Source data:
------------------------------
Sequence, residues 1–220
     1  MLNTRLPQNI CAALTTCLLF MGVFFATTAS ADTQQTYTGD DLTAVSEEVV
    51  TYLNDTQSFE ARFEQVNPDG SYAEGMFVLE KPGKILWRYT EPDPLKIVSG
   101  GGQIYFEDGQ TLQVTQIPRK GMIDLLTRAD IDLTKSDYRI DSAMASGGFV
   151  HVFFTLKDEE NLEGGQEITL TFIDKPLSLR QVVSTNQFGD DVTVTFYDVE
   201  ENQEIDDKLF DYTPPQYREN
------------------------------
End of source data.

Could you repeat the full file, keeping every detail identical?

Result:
Sequence, residues 1–220
     1  MLNTRLPQNI CAALTTCLLF MGVFFATTAS ADTQQTYTGD DLTAVSEEVV
    51  TYLNDTQSFE ARFEQVNPDG SYAEGMFVLE KPGKILWRYT EPDPLKIVSG
   101  GGQIYFEDGQ TLQVTQIPRK GMIDLLTRAD IDLTKSDYRI DSAMASGGFV
   151  HVFFTLKDEE NLEGGQEITL TFIDKPLSLR QVVSTNQFGD DVTVTFYDVE
   201  ENQEIDDKLF DYTPPQYREN